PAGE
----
NPF honors all Dad’s this Father’s Day, and it’s part of the reason we want to help you find the perfect gift. While each person with Parkinson’s has individualized symptoms and a different rate of PD progression, NPF hopes that at least one gift on this list can bring happiness to a person you know with PD.
Blog Introduction Text
Welcome to the National Parkinson Foundation's blog, where you can keep up-to-date on the latest research, read about what's hot in the Parkinson's community, learn caregiving tips and more.
What occupies you? Occupation is defined as the activity that occupies your time. This doesn’t necessarily mean your job; it includes all the activities that make up your day, from getting dressed and preparing meals to gardening or playing cards with friends. The goal of occupational therapy is to help people achieve independence, meaning and satisfaction in all aspects of their lives. Continued participation in meaningful occupations (work, leisure, and self-care) keeps your well-being balanced.
In August 2015, an unlikely, unofficial alliance was formed. One e-mail led the National Parkinson Foundation (NPF), LAN Airlines and the Chilean Consulate General to work together. Through shared determination they ended up making lives better for more than 200 people with Parkinson’s in Chile.
I arrived at my Parkinson’s Caregivers Support Group a little late. Getting out of the house with Gerry, my husband, had taken a bit longer than our new normal. And, of course, when I tried to hurry so that I could be on time, it took even longer.
In January 2012 we reported on the possibility of a blood test for Parkinson’s disease detection. Four years have now passed, and this week a different group from La Trobe University led by Paul Fisher say they have developed and potentially effective blood test for Parkinson’s disease detection. In this month’s What’s Hot in PD? Column, we will update our previous article and comment on this new observation.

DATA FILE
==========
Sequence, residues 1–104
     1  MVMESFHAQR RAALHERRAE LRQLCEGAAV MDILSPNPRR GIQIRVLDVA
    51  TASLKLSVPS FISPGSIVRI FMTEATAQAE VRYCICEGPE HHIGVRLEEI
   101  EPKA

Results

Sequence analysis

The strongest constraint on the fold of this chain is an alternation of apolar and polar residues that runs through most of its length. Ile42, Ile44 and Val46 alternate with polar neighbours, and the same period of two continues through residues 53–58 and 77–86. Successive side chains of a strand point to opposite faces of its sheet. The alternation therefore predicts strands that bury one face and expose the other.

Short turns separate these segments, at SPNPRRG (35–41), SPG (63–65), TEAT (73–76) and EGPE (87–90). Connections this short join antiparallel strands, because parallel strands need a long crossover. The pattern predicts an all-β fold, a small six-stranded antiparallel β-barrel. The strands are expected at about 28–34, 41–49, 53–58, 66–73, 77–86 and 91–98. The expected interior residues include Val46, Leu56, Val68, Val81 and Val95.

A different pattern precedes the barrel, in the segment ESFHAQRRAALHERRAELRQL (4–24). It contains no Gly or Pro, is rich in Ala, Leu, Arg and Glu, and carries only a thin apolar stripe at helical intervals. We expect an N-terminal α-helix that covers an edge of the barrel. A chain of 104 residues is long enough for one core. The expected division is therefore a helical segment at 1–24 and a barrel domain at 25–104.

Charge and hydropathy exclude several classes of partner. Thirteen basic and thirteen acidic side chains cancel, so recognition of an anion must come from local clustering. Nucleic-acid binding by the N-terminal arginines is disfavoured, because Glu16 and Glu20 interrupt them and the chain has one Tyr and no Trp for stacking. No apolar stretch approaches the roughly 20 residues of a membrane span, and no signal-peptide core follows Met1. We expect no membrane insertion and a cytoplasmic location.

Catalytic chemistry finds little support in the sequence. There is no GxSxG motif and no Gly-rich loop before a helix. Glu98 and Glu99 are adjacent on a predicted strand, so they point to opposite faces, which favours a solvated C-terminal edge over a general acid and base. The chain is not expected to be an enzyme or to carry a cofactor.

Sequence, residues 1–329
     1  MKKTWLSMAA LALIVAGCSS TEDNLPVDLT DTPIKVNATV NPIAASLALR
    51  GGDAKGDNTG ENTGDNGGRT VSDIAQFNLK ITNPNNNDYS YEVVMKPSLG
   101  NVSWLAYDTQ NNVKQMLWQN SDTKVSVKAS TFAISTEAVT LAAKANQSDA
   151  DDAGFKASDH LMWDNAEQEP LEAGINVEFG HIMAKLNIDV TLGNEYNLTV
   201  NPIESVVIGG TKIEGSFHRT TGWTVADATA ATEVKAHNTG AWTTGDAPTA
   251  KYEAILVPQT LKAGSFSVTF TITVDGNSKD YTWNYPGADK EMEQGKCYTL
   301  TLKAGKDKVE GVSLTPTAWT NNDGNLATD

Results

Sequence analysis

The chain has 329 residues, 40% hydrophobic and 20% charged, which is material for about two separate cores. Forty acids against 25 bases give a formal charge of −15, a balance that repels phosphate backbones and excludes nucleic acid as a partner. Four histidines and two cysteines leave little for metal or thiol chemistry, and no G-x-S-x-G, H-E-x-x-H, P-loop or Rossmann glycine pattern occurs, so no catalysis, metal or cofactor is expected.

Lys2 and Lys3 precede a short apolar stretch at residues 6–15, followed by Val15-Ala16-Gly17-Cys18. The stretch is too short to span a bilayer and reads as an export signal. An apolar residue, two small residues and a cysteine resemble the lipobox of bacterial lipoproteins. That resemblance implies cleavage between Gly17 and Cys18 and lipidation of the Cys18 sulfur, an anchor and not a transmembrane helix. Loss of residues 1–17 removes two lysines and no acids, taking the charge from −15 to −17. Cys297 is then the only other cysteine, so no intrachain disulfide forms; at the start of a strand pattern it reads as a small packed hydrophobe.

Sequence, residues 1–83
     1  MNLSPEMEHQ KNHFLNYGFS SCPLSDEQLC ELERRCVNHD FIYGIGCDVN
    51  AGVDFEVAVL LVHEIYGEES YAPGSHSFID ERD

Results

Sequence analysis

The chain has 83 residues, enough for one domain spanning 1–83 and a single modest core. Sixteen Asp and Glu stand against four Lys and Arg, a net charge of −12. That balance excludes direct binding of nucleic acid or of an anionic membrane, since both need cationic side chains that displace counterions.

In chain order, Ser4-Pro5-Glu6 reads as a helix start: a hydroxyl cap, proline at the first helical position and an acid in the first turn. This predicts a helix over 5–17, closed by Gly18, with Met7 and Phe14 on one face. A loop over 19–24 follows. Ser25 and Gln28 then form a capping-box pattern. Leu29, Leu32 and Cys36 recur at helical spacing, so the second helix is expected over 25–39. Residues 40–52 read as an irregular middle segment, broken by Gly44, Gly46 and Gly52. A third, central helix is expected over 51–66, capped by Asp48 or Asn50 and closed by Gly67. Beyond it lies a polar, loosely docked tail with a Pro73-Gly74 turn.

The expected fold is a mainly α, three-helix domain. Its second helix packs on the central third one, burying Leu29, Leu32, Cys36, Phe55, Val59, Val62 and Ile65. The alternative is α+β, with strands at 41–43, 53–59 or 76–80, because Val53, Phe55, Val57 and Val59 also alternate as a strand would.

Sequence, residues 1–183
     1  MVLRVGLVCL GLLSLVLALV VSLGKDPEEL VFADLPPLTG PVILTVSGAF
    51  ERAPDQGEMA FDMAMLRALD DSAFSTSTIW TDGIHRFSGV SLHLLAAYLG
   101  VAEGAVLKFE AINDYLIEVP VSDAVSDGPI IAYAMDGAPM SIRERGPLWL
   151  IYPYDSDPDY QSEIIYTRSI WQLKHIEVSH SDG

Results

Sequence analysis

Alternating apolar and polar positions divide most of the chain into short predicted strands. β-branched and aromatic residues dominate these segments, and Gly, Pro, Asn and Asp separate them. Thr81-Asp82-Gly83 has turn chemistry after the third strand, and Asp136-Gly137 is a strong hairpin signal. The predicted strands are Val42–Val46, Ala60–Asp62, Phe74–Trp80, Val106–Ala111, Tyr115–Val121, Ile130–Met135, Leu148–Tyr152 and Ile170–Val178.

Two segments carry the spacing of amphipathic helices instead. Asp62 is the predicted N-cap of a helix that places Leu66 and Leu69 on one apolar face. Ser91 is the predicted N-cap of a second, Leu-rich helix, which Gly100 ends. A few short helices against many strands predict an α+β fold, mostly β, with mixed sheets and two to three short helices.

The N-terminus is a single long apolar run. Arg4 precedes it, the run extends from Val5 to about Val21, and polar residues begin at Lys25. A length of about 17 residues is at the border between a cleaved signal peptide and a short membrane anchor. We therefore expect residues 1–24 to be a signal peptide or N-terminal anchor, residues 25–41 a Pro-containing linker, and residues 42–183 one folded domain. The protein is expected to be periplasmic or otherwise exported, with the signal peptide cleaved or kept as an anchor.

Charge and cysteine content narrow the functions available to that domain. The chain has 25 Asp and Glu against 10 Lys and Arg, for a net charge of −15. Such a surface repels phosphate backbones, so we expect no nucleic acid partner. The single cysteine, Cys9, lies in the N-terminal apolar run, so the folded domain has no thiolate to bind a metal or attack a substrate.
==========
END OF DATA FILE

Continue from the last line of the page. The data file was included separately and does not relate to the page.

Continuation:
April 29, 2016 – Today, the FDA approved Nuplazid (pimavanserin) as the first drug to treat hallucinations and delusions associated with Parkinson’s disease psychosis, which affects up to 40% of people with Parkinson’s.
Every year, NPF hosts the Centers of Excellence Leadership Conference, where leaders from our 41 Centers of Excellence — medical centers located around the world with the world's leading Parkinson's specialists — attend and present their cutting-edge research and expert care findings.
While each person with Parkinson’s has individualized symptoms and a different rate of PD progression, NPF hopes that one gift on this list can bring happiness to a person you know with PD, and make life just a little bit easier for him or her.
April is Parkinson's Awareness Month and we want you to advocate for Parkinson's awareness. We have collected 7 inspiring ways you can get involved in the Parkinson's community this month. And don't worry — we have many other ways you can stay involved year-round!
This week the FDA approved the drug Pimavanserin (Nuplazid) for the treatment of Parkinson’s disease psychosis. There has been a critical, unmet need for development of better drugs to address hallucinations and psychosis in the setting of Parkinson's disease. We have learned over many years that typical high potency neuroleptic antipsychotic drugs (e.g.